Tag Archives: family

Time Flies!

I can’t believe that there’s a crispness in the air already! The summer is flying by … and this weekend is Labor Day already! How is it that time flies by so quickly? I decided to choose a few pictures of the summer from beginning to end to show you what’s been going on at our house this summer.

It always makes us happy when the loons return to Messalonskee!

Duck family! We had two families this year.

Kids visiting … tubing is always a favorite activity!

Little cousins visit from the West Coast. They all loved visiting Blueberry Hill with Uncle Ned.

The rope swing is a lot of fun – even for the adults!

One Early Morning

A bit of knitting on the dock.

Another visit from the kids and the grand-dogs. Their favorite activity may be an evening “cocktail cruise”.

The BBD (Big Brown Dog) is happy in the sun on the porch. So are we!

8/28/17 The first morning where there is fog on the lake. The evenings are getting much cooler.

It’s been a wonderful summer and we look forward to the rest of the summer days. And the cooler weather of fall.

We are so fortunate to live here!

40 Years Later


The Warners 7/30/16 with all five of our children!

Well, we have finally done it.

On Saturday July 30th at 11:00 in the morning we were married in the yard here at our beautiful home. With our children and family in attendance, it was a spectacularly special day full of love and laughter. The weekend stretched from our only boy’s arrival on Tuesday through to the last daughter leaving the following Tuesday. It was everything that we had hoped it would be.

Late nights, beautiful days, water skiing, tubing, swimming, wine drinking and a lot of laughs. We are so blessed. I’ll write more as we come back to the “real world”.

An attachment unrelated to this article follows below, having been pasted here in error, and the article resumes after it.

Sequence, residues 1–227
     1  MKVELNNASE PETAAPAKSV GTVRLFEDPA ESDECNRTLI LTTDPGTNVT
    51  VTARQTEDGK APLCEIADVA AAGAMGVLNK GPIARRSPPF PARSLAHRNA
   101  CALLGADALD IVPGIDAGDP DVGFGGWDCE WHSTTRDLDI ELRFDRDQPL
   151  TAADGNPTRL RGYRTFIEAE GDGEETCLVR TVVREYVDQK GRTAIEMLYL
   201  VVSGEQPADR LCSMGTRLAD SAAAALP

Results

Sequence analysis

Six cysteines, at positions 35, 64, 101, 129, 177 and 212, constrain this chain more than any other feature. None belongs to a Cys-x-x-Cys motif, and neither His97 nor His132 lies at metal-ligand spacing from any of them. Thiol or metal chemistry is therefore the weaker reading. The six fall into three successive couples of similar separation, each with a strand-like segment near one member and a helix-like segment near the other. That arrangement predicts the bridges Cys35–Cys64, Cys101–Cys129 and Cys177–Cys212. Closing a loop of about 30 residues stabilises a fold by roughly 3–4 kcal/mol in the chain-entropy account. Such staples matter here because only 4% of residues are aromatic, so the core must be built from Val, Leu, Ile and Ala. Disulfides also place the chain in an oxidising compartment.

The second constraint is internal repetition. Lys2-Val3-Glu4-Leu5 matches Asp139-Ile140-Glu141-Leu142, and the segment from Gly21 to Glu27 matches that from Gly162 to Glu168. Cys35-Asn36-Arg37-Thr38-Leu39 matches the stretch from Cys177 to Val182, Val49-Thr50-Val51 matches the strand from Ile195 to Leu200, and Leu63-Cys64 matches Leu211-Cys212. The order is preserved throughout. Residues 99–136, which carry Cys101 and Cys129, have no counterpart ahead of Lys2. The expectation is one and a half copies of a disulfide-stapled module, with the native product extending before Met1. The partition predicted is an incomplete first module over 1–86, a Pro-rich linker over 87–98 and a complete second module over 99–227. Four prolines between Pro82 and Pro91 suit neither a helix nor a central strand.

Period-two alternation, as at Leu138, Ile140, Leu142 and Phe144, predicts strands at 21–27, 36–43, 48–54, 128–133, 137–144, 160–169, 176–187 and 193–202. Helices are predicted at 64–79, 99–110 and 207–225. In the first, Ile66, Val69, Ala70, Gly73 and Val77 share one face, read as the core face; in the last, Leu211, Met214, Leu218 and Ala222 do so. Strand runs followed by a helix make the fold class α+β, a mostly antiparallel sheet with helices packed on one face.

Now for our honeymoon … at home on Messalonskee!

Life is good.

Fatherless Father’s Day

fathers-day-remington-king-for-a-day-swscan06412-copy-copyFather’s Day is an odd event when you no longer have a father. It’s a mix of feelings of love, and loss, and a little bit of jealousy, too, perhaps. Especially in today’s world of Facebook “bragging”.

I read an article online about father’s day without your father. It shared an interesting “angle” to think about. So, I’ve spent the day chewing on the idea that I can change my perspective about father’s day and look at it with fresh eyes. I can be grateful that I am somehow like my dad and that I carry him in my habits, things that he taught me to love. With me daily. Present.

Dad Sailing

Dad Sailing

My father died 30 years ago and I struggle to remember him. I don’t have a good sense of how I am like him. I know I loved going to the grocery store with him on occasion because he’d buy the pink pistachios that we both loved. I ate most of them. Dad was a workaholic attorney. He’d come home at the end of the day, take off his jacket and tie, unbutton the top button of his (always) starched white shirt, have a drink and dinner and retire to the den to read the evening paper. He wasn’t much for chit-chat or TV. He believed in “early to bed, early to rise”. He loved his vegetable garden when he was younger … I love to eat vegetables. I hated “having to” weed. I have a cassette tape with his voice on it, I’d love to hear him speak again. (Anybody still have a tape player?)